A couple weeks ago I talked about my idea for getting kids into the library by asking them to visit and tell me a joke in exchange for a sticker. I honestly had no idea how well it would work out, but so many have been taking me up on the offer.
More than once this has been the exchange:
Kid: There she is!!
Adult: The library lady you were talking about?
Kid: Yeah, we have to go sign up!
Adult: Ok, but what is it?
Me: I’ll tell you all about it.
Kid: WAIT! I have a joke for you!!
Me: Ok, I’m ready!
Adult: Oh my gosh, this is why he’s been practicing jokes all day.
Me: Yay! I’m so glad you remembered to come tell me a joke!
Kid: *tells amazing joke and gets sticker*
So, not only has this proven to be effective in getting kids in the library, talking about the library with their caregivers, and creating a relationship between me and the joke teller, but it also helps with literacy development. Now, I haven’t found any research on jokes specifically but I put them in the narrative skills category. In order to tell a joke you have to understand humor and dialogue and story. A joke has a beginning (the joke), a middle (a I don’t know, what?) and an end (the punchline). If you do not understand the basic structure of a story, you will have a hard time telling a joke. A joke should be humorous (ok, that’s generous, but they should at least warrant an eye roll) and humor is not something everyone is born understanding. To realize a joke is funny you have to understand puns, know a little something about the joke’s subject matter, or be able to understand the riddle if it’s that kind of joke. All of this means you have to have, at least, a basic grasp of whatever language you are joking in. THIS is why I encourage kids to tell jokes. It helps them build their language skills and THEY DON’T EVEN KNOW IT. Obviously, lots of kids just memorize them without truly understanding them which is why I like telling them jokes, as well. That way we can talk about it to make sure they get it and aren’t just laughing to be polite. Doing that is almost as fun as hearing their jokes in the first place.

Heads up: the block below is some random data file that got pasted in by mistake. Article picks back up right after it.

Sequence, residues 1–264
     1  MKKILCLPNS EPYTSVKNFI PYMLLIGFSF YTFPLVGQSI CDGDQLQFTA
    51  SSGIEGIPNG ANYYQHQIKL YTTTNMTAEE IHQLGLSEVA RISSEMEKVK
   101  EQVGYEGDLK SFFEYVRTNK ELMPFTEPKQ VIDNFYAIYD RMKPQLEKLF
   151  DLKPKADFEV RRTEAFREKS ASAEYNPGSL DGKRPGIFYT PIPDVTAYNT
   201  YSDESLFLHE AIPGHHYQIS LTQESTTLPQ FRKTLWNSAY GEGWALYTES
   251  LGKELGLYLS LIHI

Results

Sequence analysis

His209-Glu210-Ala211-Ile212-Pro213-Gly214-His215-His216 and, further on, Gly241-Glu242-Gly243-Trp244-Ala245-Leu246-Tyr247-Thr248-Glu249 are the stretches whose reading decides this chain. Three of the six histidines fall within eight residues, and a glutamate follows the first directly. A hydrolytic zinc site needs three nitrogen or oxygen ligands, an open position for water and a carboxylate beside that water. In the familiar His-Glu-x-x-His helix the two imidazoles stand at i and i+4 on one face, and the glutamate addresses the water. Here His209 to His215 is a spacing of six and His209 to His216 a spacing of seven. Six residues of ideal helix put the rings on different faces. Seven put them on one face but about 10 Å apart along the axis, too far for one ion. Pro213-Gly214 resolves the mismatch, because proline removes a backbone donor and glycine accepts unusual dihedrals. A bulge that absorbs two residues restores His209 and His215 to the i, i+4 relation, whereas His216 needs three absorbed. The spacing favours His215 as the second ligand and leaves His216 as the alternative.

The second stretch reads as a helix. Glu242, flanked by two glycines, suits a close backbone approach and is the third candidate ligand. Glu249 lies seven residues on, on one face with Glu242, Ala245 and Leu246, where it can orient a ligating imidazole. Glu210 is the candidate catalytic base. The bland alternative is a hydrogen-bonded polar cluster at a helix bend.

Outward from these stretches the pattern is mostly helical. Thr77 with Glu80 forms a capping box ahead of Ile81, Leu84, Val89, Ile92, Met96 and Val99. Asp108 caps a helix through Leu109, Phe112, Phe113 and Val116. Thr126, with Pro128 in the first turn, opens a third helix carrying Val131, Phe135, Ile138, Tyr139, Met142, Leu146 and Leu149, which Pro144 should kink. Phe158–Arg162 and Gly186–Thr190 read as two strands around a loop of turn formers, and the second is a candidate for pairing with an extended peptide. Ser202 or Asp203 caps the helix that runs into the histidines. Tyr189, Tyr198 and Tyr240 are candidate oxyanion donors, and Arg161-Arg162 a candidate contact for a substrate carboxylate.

This is usually me:
A lot of times these exchanges happen in the stacks and I forget to write down the jokes, but I’ve included the ones I did get written down here. You will recognize many of them. Just remember, it’s the first time they’ve ever heard the joke. Some just don’t even make sense. Even when I asked for them to explain they still didn’t make sense. Making things up, FTW!
What do you call a funny owl? A hoot
What do you eat while watching a scary movie? Ice cream
What has a bottom at the top? A leg (Took me almost a day to realize she said LEG not LAKE-boy was I confused.)
What is the tallest building in the city? The library. It has the most stories.
Knock Knock. Who’s there? Orange. Orange who? Orange you glad I didn’t say banana? (mind you, this was the only joke he told so he had not already told the banana one)
Why was six afraid of seven? Because seven ate nine ten. (from a young man age 6)
Knock knock. Who’s there? Interrupting cow. Interrupting cow… MOOOO! (I swear if another kids tell me this one…)
Why did the chicken cross the road? To get to the nail salon. (I don’t know. She said cuz they have nails. Which is true. Kind of.)
Knock Knock. Who’s there? Cash. Cash who? I prefer peanuts, thanks.
Why did the turkey cross the road? To prove he wasn’t chicken. (Heard this one twice.)
Why did the fish blush? Because it saw the boat’s butt.
Why did the skeleton cross the road? To get to the body shop. (I legit LOL’d on this one)
Why did the turkey cross the road? The chicken was out of town
What time does a duck wake up? At the quack of dawn!
What is brown and sticky? A stick (heard this one 3 times!)
What did the nut say when he finished his prayers? Almond
What did the umpire say to the batter? You have foul breathe